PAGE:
If there is any question left about the God complex with which some
scientists are afflicted, it is answered with this latest news.
England’s prestigious Oxford University has been the site of ongoing research into life extension technology using various methods, one of which includes a drug that can distort a person’s sense of time in order to literally create a feeling of eternal damnation.
A recent article discussing the work of Dr. Rebecca Roache opens with one line: “Sentencing a criminal to 1,000 years in an
artificial hell may one day become a reality.” And, according to researchers, that day could be quite soon.
Incredibly, this research is being championed by a doctor of philosophy at Oxford who is part of their official blog
called Practical Ethics.
Life extension itself is a controversial topic. The era of cyborgs
and transhumanism is fast approaching, as we will soon reach the
theoretical point of Singularity before 2045 when machine intelligence
is predicted to surpass that of humans. Current trends toward autonomous systems of war and the advancement of artificial intelligence are leaning toward a dystopian future. It has prompted
ethicists and international human rights organizations to urge restraint. The research being conducted at Oxford is likely to stir a fresh wave of indignation at the possibilities being considered.
Dr. Rebecca Roache and her research team at Oxford apparently seek to correct the inadequacies of sentencing applied to the most heninous criminals. The prime example given is the deranged parents of a four-year-old boy they horrifically tortured and killed – the pair received 30 years; a “laughably inadequate” sentence in Dr. Roache’s estimation.
If one only had the power to balance the scales, perhaps to inflict endless suffering and pain ….
Technology might hold the answer, as Dr. Roache has previously summarized in her article, “Enhanced punishment: can technology make life sentences longer?” Technology such as lifespan enhancement, mind uploading, altering perception of duration, and robot prison officers comprise several rings of potential hellish torment on earth for those deemed deserving of it.
Technology, then, offers (or will one day offer) untapped possibilities to make punishment for the worst criminals more severe without resorting to inhumane methods or substantially overhauling the current UK legal system. What constitutes humane treatment in the context of the suggestions I have made is, of course, debatable. But I believe it is an issue worth debating.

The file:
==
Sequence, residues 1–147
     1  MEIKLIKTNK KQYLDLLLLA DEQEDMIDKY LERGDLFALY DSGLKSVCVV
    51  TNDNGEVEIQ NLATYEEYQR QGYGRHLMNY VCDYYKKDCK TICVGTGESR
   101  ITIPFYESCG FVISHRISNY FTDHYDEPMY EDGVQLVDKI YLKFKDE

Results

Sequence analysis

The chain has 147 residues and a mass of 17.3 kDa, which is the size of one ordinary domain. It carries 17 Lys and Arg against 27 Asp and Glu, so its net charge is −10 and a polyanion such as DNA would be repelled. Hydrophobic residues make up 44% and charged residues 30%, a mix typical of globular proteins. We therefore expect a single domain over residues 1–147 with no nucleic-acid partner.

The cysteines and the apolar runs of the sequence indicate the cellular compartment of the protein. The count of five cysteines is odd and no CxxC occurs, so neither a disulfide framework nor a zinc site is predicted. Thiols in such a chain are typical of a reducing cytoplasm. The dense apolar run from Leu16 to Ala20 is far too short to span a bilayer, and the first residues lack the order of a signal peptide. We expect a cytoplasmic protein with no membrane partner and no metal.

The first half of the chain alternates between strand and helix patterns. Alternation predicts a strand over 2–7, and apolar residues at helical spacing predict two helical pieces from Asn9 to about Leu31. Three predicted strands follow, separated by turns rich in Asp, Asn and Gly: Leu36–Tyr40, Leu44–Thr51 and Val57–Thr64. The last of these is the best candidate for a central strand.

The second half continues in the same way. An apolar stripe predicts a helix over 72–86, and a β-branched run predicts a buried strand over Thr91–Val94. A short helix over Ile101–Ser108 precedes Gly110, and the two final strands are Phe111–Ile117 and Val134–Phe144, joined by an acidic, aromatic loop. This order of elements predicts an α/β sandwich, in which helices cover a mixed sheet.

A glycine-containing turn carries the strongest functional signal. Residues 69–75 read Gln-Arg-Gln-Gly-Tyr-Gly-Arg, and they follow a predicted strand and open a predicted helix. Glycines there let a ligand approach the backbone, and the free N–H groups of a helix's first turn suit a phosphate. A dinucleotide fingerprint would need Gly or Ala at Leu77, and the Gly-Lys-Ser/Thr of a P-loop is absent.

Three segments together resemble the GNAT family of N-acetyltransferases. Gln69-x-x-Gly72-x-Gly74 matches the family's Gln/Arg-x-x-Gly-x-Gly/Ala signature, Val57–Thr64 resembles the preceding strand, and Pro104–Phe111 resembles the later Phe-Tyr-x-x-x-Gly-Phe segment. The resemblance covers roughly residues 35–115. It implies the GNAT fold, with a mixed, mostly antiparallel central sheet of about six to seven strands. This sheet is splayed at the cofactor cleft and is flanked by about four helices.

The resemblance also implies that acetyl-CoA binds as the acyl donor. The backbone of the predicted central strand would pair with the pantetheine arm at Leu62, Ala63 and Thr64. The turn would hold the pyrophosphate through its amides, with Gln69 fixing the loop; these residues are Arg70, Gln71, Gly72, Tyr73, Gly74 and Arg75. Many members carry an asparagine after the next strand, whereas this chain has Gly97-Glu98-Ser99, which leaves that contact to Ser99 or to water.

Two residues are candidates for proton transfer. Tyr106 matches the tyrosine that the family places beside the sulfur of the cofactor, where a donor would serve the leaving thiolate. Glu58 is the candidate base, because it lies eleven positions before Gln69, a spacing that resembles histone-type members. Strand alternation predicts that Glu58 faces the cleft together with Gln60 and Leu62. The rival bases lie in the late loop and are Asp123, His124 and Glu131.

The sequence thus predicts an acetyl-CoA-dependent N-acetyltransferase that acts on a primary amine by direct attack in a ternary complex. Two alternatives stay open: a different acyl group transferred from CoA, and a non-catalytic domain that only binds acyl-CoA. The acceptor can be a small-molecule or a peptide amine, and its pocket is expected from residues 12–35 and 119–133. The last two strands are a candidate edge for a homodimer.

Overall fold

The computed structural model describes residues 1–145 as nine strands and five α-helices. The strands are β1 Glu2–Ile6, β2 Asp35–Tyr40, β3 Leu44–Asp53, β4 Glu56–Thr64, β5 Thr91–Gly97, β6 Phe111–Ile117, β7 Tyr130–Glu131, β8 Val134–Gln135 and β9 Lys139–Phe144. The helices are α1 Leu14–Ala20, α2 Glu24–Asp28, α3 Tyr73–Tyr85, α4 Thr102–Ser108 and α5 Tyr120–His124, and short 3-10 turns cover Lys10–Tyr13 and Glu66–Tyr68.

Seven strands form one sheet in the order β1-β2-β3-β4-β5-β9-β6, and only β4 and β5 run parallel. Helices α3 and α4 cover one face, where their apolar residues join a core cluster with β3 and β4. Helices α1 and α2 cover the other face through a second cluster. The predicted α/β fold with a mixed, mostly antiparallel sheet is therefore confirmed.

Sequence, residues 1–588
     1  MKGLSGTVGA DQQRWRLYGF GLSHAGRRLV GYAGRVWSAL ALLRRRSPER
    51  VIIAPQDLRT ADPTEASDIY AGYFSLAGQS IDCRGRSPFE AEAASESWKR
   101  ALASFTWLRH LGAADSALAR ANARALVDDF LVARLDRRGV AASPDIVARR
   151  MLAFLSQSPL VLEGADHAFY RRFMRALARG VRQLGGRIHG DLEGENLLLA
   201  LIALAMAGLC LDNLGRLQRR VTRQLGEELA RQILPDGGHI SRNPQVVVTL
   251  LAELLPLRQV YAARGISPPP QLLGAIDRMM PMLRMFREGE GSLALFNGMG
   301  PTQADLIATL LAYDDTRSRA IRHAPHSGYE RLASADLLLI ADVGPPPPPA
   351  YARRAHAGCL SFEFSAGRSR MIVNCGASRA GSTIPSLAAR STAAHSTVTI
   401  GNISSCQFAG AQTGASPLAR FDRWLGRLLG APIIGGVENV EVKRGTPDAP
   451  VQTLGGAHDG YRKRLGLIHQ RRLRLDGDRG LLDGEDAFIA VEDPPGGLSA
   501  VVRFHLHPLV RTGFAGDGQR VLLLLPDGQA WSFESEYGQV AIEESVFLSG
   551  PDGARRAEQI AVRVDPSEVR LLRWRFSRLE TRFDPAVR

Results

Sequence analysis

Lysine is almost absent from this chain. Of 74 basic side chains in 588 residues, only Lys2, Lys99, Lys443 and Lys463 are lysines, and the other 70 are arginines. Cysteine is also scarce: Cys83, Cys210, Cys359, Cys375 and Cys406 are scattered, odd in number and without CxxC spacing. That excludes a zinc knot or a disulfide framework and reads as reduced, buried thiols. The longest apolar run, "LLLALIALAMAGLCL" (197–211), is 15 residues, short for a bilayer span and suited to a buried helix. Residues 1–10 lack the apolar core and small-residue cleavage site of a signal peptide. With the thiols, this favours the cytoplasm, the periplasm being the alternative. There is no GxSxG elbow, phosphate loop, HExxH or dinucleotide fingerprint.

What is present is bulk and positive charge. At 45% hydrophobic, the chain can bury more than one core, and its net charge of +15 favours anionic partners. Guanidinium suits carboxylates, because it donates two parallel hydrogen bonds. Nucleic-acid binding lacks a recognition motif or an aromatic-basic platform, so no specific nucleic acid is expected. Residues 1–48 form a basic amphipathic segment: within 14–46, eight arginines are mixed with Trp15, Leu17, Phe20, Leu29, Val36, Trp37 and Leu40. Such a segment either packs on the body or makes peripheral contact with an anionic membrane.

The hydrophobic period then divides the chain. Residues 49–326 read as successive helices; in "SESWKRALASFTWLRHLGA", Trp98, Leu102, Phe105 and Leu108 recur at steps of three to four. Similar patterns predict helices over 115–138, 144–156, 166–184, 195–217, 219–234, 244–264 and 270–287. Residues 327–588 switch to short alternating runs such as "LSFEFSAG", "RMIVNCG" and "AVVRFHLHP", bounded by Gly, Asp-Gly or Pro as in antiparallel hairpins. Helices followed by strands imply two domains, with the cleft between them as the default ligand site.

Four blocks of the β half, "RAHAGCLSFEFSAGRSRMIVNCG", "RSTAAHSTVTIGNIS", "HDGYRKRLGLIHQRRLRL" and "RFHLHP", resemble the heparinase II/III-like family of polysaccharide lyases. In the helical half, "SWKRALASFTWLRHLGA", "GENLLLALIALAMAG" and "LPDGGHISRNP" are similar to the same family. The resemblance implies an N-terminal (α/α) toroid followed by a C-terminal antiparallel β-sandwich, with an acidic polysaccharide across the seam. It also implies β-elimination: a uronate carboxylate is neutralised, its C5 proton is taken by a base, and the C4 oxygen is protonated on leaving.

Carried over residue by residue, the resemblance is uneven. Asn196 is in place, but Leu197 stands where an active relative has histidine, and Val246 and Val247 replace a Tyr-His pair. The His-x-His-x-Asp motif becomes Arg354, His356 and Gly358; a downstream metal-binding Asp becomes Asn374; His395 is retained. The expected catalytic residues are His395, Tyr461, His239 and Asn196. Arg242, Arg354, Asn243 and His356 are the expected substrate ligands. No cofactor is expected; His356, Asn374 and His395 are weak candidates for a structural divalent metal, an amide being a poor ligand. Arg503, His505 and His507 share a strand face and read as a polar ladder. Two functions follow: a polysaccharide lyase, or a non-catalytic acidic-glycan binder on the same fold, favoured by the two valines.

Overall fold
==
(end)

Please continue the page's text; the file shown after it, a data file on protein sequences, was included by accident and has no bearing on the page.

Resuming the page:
Her suggestions are indeed debatable. In fact, the extreme negatives surrounding the technologies of war and mind control often overshadow the great benefits that technology can offer. Secondly, the current criminal justice system, especially in the U.S., is already rife with cases of extreme injustice and torture. Nevertheless, Dr. Roache forges ahead seemingly comfortable with governments condoning futuristic methods of punishment to be imposed as prison officials see fit.
Dr. Roache suggests that psychoactive drugs which distort one’s sense of time could be more precisely developed and administered within the prison system. Such distortion could theoretically lead to a prisoner to feel as though they are condemned to eternal torment.
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As I was reading, I could only think, “What if a tyrant or garden-variety sadist got a hold of this type of power? This is like something out of a Nazi experiment or Abu Ghraib.”
Then I scrolled farther down in the Daily Mail article where I encountered the face of Adolf Hitler. Finally, I thought, someone is going to inject sanity into this discussion by showing how dangerous this line of thinking really is.
Enter the supercomputer – the transhumanists’ favorite tool to seek immortality. Futurist and a director with Google’s engineering division, Ray Kurzweil, (though recently divorcing himself from the term “transhumanism”) has stated that one concrete goal is to use DNA nanobots to connect people’s minds directly to cloud computing. This new computer mind could also be distorted, according to Dr. Roache, since the uploaded mind could be sped up or slowed down.
In a final appeal to the practical – ya know, if infinitely torturing someone is not quite psychologically fulfilling for you – think of the savings to the taxpayer! Although it’s a bit ironic since the article also mentions billions of dollars being invested in this type of research.
‘This would, obviously, be much cheaper for the taxpayer than extending criminals’ lifespans to enable them to serve 1,000 years in real time,’ said Dr Roache.
In one final ironic twist, Dr. Roache implies that such extreme punishments would have to be reserved for only the most extreme criminals or criminal threat.
‘Suppose there was some physics experiment that stood a decent chance of generating a black hole that could destroy the planet and all future generations,’ said Dr Roache.
‘If someone deliberately set up an experiment like that, I could see that being the kind of supercrime that would justify an eternal sentence.’
Mad scientists setting up experiments that could pose a permanent threat to humanity? Hmm, I think we have some early candidates.
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